It does help to know that someone has come out the other side. Hopefully one day things will turn a corner.

LockedBox Tue 24-Nov-15 16:01:54


I'm a single parent to two boys too and I remember very well how difficult, exhausting and depressing it can be at their age...It's just plain Hard Work. flowers. I did have to consciously decide to enjoy them when I could - so get the drudge out of the way and then decide to do something with them. Board games, cards - My boys are cardsharks now wink - Building massive lego things, is unutterably boring at first, and when you're shattered you just think "Fuck no" but honestly, HONESTLY it gets better and then it gets brilliant and then you look forward to that time.

Now for the job stuff. I recently took a job which was quite a big step down from what I was used to and started looking for my next "proper job". These are some of the things I've learned from my recent job search:

1 - - IMO the best of the online job search sites. There's quite a bit of direct applications - which means you don't go through a recruitment agency. I have applied for literally 100's of jobs since August - 100's and I managed to score interviews with 3 x direct jobs (one of which I secured and will be starting soon), 5 x agencies contacted me - FIVE! Out of the hundreds I applied for. Try as well, they're not too bad and recruiters can search for you on there - so fill your profile out as much as you are able. PLEASE be aware that I believe that recruitment agencies place ghost jobs onto the web in order to trawl for candidates - it's not like it used to be where you joined an agency and they put you forward and helped you get a role, nowadays it's more about finding someone they can fit into a particular role they may OR MAY NOT yet have. Don't lose faith

2 - Your CV. Keep it simple. No personal statement bollocks. Bullet point your experience and tailor it to the job you're applying for. Don't lie, but if, for example, the job you're going for wants someone with a background in accounting and you have some of that but also some secretarial experience, then big up your accounts knowledge.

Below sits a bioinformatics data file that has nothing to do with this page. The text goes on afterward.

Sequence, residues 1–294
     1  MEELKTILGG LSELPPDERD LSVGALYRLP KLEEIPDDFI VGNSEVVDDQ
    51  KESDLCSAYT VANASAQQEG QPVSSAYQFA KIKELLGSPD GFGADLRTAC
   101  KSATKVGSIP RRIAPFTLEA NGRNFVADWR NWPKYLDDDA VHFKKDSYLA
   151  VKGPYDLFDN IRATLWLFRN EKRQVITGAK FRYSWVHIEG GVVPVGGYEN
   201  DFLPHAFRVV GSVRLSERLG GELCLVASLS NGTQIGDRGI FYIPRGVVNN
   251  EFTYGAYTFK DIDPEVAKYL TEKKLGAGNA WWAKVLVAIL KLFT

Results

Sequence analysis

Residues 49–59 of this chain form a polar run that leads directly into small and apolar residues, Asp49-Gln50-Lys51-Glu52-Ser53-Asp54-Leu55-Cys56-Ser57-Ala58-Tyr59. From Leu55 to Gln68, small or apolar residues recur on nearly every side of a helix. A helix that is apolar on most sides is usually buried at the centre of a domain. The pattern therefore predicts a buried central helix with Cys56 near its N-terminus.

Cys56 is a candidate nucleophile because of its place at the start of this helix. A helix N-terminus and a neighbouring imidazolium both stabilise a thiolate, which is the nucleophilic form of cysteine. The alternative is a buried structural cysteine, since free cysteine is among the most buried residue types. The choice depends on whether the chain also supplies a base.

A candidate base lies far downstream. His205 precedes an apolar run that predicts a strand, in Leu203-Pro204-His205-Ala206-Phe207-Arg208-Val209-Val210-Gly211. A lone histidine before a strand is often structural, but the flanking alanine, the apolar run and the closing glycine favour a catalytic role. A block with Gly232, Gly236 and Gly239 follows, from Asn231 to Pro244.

3 - The minute I changed my current role title to reflect that it was a Temporary post as opposed to a FTC I started getting calls from agencies and lined up 5 interviews in a week. So look out for anything like that on your CV. If you used to be a Teacher but now you're working in Tesco, and you want to go back to teaching then it is acceptable to just skirt over the recent job in a couple of lines and highlight your teaching experience. This is because recruiters literally get 100's of applications and will not have time to sift through your experience looking for something relevant, so they just won't bother.

4 - Try and stay positive - this is really hard I know, but make the decision that when that rat of panic starts gnawing at you make a DECISION to ignore it and focus on the positives - such as that you have managed to secure some work already and that the next step is just around the corner.

5 - Accept that you may have to go in at a lower level. This sucks hard because it's not fair but that's the way it is. In my twenties I was a high flyer, earning good money with great career prospects. Having children, then a failed marriage put paid to that really and I have had to take less exciting, less good paying jobs for the past ten years...I'm coming back now, it's just going to take me a little while.

Good luck to you.